Although the prevailing opinion is that trauma only occurs to those who have experienced the traumatic event, it is also passed down through generations. Writer Jo Kyung-ran's 'Blowfish' is a novel full of thoughts about such trauma.
The death chosen by the grandmother is at the center of the novel. Then 30-year-old made a blowfish soup, ate it and died by putting poison only in her soup. The shock felt by her husband and young son watching her die at the dinner table was beyond anyone’s imagination. The problem is that it did not end with the two of them. The daughter (the protagonist), who was later born by a young son who was there, overheard the story one day. Not only that, she was also told that her appearance and the way she acted also resembled her grandmother. It was then that she began to feel that someone was “following her around.” It is considered a symptom of schizophrenia.
At first glance, this makes no sense. It is illogical to think that even a granddaughter born later is traumatized. Illogicality is what we face in reality. It is because of such illogicality that trauma is petrifying. It doesn't matter that much to the granddaughter as to why her grandmother committed suicide. She is simply overwhelmed by the extreme way of death her grandmother chose. She almost obsessively thinks of her grandmother and contemplates committing suicide in the same way. Like her grandmother, by using blowfish.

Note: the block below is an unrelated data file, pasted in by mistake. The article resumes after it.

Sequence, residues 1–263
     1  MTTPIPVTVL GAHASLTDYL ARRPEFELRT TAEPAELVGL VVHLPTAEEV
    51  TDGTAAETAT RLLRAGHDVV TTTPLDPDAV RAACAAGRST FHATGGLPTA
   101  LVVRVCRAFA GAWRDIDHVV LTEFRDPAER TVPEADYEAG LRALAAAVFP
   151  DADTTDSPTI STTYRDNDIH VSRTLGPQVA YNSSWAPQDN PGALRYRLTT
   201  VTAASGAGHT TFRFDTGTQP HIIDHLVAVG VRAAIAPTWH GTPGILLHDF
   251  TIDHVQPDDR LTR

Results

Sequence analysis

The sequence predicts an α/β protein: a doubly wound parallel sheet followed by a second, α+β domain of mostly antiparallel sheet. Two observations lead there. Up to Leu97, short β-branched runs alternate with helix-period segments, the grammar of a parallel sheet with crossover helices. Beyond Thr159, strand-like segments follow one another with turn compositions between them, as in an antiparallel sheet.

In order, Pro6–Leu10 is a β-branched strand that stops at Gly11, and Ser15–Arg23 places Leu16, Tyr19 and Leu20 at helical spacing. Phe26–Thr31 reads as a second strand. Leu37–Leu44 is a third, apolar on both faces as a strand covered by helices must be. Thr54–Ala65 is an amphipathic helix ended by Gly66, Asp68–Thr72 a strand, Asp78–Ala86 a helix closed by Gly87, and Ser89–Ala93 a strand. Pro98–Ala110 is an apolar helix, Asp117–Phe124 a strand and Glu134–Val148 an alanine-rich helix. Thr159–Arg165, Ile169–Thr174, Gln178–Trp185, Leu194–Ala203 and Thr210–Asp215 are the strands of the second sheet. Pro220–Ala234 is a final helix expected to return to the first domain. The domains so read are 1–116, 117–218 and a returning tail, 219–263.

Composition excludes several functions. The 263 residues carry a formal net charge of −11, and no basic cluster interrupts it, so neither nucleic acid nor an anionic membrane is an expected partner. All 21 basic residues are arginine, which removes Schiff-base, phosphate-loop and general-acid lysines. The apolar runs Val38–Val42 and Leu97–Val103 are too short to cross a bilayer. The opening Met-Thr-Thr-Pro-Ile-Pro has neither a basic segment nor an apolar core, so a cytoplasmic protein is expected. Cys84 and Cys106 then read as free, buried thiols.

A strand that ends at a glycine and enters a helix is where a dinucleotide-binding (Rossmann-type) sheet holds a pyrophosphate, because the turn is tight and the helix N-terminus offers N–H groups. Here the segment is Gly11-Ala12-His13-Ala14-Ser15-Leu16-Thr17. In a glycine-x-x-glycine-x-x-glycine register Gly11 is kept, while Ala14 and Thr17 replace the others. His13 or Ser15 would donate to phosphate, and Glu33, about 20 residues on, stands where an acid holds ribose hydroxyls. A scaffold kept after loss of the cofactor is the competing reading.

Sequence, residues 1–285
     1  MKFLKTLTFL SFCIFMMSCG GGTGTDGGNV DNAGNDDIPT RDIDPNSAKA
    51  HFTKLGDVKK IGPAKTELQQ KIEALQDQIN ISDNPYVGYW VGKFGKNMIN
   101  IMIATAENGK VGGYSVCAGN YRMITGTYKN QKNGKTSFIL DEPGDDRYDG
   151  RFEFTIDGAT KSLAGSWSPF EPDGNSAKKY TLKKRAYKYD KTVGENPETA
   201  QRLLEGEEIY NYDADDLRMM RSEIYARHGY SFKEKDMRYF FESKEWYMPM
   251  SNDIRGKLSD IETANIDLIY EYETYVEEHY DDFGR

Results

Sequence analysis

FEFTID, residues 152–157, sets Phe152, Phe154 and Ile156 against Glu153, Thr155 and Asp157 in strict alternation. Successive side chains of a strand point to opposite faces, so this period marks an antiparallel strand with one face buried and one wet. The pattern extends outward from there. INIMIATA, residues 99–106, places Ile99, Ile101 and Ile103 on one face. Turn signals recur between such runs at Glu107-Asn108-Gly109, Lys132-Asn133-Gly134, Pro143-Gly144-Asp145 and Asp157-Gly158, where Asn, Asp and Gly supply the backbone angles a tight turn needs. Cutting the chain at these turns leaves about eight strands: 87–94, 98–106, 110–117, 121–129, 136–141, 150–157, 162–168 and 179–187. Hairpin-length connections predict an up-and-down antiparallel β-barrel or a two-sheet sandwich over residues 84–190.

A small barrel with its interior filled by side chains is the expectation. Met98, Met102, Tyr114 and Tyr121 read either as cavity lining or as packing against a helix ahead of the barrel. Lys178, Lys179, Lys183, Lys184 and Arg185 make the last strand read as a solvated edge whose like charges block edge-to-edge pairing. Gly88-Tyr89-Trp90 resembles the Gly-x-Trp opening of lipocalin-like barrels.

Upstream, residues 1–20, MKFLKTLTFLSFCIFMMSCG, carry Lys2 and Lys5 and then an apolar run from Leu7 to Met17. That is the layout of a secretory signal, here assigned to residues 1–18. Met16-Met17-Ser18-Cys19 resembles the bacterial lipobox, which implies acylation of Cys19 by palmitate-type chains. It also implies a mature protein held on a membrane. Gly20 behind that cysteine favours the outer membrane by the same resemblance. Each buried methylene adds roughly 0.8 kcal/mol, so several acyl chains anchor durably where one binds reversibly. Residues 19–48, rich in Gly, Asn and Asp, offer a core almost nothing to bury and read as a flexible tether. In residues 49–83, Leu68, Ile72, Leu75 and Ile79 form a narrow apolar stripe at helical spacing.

It is the warm heart of an architect that brings her back to life. He is an architect who believes that “a common concept pursued by architecture” is a comfortable nest. He becomes her psychological nest. The man sustained pain in the past as well. His older brother also killed himself. He also suffered, but he was not overcome by it. He mentions this to the protagonist who is a sculptor, “You are an artist. You will be able to express this feeling.” These words are his advice to her to express the what is weighing down on her, trying to take over by carving out into sculptures. Trauma is, essentially, something that pushes humans into the darkness of disorder. The way out of it is to let the sun shine on the darkness that is shrouding it. And art, of course, can play the role of sunlight. Not always, though, but sometimes, it can.